St. Elmo Center for the Gifted hasn’t always been a gifted center. The construction of St. Elmo School was completed in 1930 at a cost of $40,000. The first principal was Mr. B.B. Littlejohn. Mr Littlejohn and six teachers welcomed 200 children for grades kindergarten through seventh grade in the fall of 1930. St. Elmo began as a neighborhood school. The Weracoba-St. Elmo neighborhood was built in the 1920’s. The style of St. Elmo duplicates the Revival styles and ambiance of the surrounding neighborhood. Due to St. Elmo, the neighborhood has remained a viable part of the Columbus community.
In the spring of 1990, St. Elmo closed as a neighborhood school. In the fall of 1990, it opened as the gifted program under the direction of Dr. Susan Squires. The original gifted education teachers were Mrs. Beth Adams, Mrs. Jeanne Fessenden, Mrs. Marylou Mohr, Mrs. Carole Mashburn, Mrs. Patricia Willis, and Mrs. Debbie Wright. It is now known as St. Elmo Center for the Gifted.
In the spring of 2007, Mrs. Elizabeth Housand became the second Director of Gifted Education and many positive innovations were incorporated. Enrollment increased and the teachers continue to collaborate across the system to ensure the best instruction for the students.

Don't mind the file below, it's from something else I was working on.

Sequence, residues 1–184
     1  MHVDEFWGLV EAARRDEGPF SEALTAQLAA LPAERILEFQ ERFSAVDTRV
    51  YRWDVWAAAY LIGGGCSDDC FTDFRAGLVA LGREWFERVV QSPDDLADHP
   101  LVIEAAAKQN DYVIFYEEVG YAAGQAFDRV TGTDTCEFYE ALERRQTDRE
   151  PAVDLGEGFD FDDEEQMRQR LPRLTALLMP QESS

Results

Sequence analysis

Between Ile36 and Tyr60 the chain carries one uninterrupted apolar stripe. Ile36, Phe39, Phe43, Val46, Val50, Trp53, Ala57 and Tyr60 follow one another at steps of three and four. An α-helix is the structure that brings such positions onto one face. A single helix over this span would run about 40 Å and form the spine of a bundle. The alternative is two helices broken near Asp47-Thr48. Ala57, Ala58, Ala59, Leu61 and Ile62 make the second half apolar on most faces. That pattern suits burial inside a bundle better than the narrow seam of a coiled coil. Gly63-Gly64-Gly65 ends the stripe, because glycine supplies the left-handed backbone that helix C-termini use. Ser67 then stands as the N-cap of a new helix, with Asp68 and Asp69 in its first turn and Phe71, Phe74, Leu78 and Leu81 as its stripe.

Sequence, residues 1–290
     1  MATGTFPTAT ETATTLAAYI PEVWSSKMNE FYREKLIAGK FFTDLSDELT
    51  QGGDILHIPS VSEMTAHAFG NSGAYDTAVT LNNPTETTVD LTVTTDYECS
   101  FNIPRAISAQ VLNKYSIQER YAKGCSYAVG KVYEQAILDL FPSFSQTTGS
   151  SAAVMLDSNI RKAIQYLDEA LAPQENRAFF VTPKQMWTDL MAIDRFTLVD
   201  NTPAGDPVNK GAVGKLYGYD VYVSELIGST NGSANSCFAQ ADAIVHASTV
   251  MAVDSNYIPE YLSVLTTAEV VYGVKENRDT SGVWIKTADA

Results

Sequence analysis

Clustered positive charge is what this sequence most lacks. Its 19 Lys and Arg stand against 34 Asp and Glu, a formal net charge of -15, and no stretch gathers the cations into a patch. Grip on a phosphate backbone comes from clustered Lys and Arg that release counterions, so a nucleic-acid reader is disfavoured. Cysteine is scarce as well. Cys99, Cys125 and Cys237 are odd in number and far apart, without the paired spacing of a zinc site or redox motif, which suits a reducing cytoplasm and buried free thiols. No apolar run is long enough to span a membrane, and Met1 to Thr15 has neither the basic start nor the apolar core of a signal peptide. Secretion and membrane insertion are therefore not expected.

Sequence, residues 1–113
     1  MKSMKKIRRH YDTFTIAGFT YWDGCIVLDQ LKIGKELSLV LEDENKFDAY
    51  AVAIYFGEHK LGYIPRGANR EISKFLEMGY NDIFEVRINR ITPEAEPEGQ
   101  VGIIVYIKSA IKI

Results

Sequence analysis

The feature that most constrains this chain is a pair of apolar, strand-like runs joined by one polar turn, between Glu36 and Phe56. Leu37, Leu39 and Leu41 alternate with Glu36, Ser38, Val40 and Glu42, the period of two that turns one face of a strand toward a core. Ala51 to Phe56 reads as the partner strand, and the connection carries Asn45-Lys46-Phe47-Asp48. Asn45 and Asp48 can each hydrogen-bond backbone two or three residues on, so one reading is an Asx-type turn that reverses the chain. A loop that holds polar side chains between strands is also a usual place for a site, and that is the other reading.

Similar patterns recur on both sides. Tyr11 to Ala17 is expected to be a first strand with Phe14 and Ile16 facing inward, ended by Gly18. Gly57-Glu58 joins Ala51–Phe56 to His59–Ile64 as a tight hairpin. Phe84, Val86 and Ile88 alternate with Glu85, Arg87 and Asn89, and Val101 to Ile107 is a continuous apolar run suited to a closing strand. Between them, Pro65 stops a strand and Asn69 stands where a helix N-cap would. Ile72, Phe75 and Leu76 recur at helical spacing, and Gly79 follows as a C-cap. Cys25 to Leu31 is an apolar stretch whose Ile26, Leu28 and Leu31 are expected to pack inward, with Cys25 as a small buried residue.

In August of 2010, MCSD and St. Elmo Center for the Gifted welcomed Mrs. Angel Cash as the new Director of Gifted Education. Mrs. Cash retired in August 2015. Mrs. Carole Mashburn is currently serving as Interim Director for Gifted Education. She is back home after being away for 5 years while serving as an Assistant Principal. She retired from MCSD in June 2015.
St. Elmo Center for the Gifted is a Resource Pullout Model for Gifted Education. The Georgia DOE Resource Manual for Gifted Instruction defines a Resource Class as –
- Resource Class (K-12) – All students must have been identified as gifted by Georgia State Board of Education criteria. The class is limited to the maximum size specified in State Board of Education Rule 160-5-1-.08 CLASS SIZE. The teacher must have the gifted endorsement. The curriculum must have an academic content foundation, but it should focus on interdisciplinary enrichment activities. The content and pacing should be differentiated to the degree that the activities are clearly not appropriate for more typical students at that grade level. Gifted students may receive no more than ten segments per week of resource class service.